Monday, February 28, 2005
I kid you not, there are warning stickers on three sides of this thing (the forth surface just has standard voltage info.). Here's a close up of the main sticker.
I'm starting to think the danger of explosion was far greater than initially reported. So, maybe you should get one too, you know, just in case.
Friday, February 25, 2005
For the past few weeks, I’ve tinkered with many ideas that I’ve wanted to indulge whenever time allowed. Two of those are in decent enough shape to unveil now. They are what I would call in beta form so they make change as they evolve. The first one is a The Gamestylist, where I dole out advice on revamping tired franchises, resurrecting forgotten classics, and even repositioning a company's entire product line.
The other is far more niche, but something fun that I hope will hit a cord with some folks (I know you’re out there!). It’s Costume GET!, the weblog that discusses the finer points of videogame character costumes. The feeling of doing these are similar to my fanzine days. Enjoy!
With the imminent launch of the PSP, the sure fury and amount of DS bashing is reaching ridiculous levels. I agree the amount of must have games is paltry. Nonetheless, I’ve been playing my DS fairly regularly ever since I got mine at launch, mostly GBA titles of course. The upshots being; I find the DS a bit easier on the hands over prolonged gaming sessions, the screen is brighter than the GBA SP, and I get stereo sound out of the speakers without headphones. The ability to play GBA games may not be the strongest argument for the DS, but I’d say it’s the same as watching ripped movies or viewing pics on the PSP. Neither are the unit’s main function, but they’re handy and useful.
Speaking of the PSP, I’m fairly sure I will pick up Namco Museum for it whenever it appears on these shores. I think these games are best on the road and having perfect portable emulation is a damn fine treat.
Frosty alerted me to this trailer and since he hasn’t posted it on his blog, I’m going to do it. The robots movements are super cool, they have that realistic “I’m huge and don’t move well” animation down. The retro look and music also give me goose bumps.
The above picture is one taken from a site that has all kinds of user mods for the Shuffle although many are just Photoshop mock-ups.
I copped these two links from Insert Credit, but they were too cool not to. The first make me actually want to play games on a (gasp) cell phone. That Rumble Roses pinball game has my name written all over it, but holy cripes Chaos Breaker looks like the shit! The other link is to my favorite of the flash Metal Gear Solid 3 movies Konami somewhat hid on their site. DO NOT watch this unless you have beaten the game. Go to Insert Credit for the rest.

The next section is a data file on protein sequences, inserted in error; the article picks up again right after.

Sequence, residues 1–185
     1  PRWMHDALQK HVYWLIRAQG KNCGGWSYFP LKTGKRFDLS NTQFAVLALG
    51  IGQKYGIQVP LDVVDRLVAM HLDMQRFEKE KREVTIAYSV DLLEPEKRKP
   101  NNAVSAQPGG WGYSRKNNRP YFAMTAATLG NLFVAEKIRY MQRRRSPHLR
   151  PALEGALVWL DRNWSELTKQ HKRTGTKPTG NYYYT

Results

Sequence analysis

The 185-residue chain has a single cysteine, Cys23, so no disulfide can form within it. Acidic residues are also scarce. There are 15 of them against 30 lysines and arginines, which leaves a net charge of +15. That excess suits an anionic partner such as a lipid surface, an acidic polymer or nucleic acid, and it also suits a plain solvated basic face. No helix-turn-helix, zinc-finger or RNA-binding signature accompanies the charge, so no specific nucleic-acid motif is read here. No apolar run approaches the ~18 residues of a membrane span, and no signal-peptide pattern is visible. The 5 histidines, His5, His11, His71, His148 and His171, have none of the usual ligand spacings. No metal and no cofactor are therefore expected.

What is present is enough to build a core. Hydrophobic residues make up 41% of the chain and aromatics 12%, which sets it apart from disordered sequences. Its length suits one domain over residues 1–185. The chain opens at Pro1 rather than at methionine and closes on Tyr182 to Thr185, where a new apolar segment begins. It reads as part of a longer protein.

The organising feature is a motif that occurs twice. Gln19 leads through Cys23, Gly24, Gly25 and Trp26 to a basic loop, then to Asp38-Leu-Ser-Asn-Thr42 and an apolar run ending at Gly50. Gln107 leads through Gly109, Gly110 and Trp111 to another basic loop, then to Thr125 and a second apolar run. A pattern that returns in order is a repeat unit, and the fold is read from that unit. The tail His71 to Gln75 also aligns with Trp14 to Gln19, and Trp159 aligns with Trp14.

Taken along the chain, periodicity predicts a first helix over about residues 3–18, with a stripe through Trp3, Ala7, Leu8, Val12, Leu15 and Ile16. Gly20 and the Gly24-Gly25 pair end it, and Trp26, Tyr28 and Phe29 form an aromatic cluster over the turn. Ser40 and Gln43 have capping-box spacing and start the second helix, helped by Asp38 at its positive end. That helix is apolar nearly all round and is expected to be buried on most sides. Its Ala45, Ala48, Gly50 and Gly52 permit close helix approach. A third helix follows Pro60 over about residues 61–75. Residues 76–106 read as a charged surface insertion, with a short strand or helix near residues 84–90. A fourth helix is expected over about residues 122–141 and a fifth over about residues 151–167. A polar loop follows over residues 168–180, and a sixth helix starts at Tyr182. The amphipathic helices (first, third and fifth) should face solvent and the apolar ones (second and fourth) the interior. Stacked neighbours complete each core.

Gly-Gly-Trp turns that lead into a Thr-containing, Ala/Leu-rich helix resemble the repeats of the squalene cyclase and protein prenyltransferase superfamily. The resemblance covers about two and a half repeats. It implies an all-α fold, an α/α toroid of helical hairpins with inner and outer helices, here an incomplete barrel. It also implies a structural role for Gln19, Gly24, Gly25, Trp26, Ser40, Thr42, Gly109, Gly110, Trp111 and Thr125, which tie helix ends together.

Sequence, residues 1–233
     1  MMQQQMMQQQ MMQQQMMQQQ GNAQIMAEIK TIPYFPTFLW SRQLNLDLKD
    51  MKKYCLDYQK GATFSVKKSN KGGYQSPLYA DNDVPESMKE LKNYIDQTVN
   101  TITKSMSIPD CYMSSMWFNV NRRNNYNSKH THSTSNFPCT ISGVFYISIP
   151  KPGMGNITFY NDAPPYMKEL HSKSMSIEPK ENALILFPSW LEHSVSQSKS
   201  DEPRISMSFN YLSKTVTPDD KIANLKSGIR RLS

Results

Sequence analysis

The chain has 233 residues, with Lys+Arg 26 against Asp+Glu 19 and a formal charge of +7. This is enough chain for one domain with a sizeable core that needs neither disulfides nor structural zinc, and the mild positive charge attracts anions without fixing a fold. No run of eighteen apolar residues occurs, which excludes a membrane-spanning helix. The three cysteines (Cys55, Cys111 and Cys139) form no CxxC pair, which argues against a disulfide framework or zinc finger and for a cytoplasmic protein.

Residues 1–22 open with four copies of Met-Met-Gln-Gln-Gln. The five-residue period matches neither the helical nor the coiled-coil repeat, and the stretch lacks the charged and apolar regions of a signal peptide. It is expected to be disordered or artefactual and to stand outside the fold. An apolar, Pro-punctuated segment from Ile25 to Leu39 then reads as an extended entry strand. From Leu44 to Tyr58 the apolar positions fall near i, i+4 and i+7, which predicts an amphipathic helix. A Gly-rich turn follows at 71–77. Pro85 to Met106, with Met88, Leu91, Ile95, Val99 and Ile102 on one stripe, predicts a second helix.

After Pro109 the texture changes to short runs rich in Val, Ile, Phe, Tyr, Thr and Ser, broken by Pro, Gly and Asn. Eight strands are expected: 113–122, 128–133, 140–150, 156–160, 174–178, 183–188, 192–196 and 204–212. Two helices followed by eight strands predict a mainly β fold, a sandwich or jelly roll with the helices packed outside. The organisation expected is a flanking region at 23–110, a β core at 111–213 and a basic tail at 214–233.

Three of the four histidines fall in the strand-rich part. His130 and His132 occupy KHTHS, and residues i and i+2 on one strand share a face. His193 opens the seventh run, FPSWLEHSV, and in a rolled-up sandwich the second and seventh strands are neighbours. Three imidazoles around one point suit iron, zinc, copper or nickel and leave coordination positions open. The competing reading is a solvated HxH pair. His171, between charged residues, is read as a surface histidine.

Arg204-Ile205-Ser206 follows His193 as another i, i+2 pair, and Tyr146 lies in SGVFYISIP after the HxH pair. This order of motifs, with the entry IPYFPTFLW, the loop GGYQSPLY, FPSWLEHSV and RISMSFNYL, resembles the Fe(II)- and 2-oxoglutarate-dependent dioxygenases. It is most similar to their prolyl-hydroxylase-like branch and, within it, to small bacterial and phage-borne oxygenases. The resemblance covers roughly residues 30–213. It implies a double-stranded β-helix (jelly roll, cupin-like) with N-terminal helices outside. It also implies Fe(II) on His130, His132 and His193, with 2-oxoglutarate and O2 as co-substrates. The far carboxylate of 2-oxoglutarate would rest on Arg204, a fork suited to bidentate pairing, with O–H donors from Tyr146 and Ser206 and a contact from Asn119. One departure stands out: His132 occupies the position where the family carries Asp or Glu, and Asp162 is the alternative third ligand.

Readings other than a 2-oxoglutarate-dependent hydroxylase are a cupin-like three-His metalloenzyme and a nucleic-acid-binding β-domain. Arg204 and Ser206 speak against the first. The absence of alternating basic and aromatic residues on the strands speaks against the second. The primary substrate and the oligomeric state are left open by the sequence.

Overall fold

Tuesday, February 22, 2005
It’s been almost two weeks since I broke the chains of chapstick dependence and I’m feeling like the ban is about to get tossed. I mean, one stick of chapstick for me lasts 2-3 months. I apply maybe once a day, twice at the most. That’s like $1.50 or so per stick. I think I can afford $6 per year on lip care. I’ve read some folks who slather on the balm every hour on the hour. I’ll revisit going cold turkey if that sort of use materializes.
All that extra willpower won’t go to waste though. Post holidays, I packed maybe 5 pounds more than I would have liked. Not bad by itself, but that's in addition to the 5 pounds I already was trying to get rid of. My initial focus is a 3 month program to try to convert that fat into pure muscle and then go heavy cardio to work off any left over flab. We’ll see how that works out. Actually, I should start at the beginning of the story, which is around the time I was kicking lip balm to the curb. I actually got rid of those extra 5 pounds over one week with a lot of walking across the street and light jogging. Then Kimi got sick and our regular jog was gone. Of course those five pounds came back and I kicked myself because I knew better. Every time I kept my weight down for any sustained period of time, it was thanks to diligent weight training. So, it’s back to more regular weight workouts. Hope that didn’t put you to sleep. At least you have a tip for the day, anyone out there looking to drop some pounds will be more successful with resistance training.
Thursday, February 17, 2005
This is one of those news items that could have altered the course of my career choices had I read it years ago. Shinto priests have got it made.
Damn I am itching for some Tekken 5.
Wednesday, February 16, 2005
I should have a link soon for another kooky idea I've been hatching. More later.
I’ve expressed my Tekken love before, but the impending release of part five next Friday has been getting me even more worked up than usual. I knew Tekken 1 would be hidden in the game as a bonus, but news just broke that 2 and 3 are also included albeit the arcade versions with none of the home port extras like Tekken bowl. I’m still not sure if this means these are “exact” arcade ports or just the arcade mode portion from the PlayStation games. Yeah, yeah, the arcade hardware that 1 – 3 ran on was basically the same as a PlayStation, but they did have more RAM to work with so there are some visual elements (however minor) that will be different if they are exact arcade ports. I did end up pre-ordering the game because they are offering a free art book with it if you do. Now, it’s not like I REALLY want the art book, but I’m picking up the game day one so I might as well sign up for the freebie.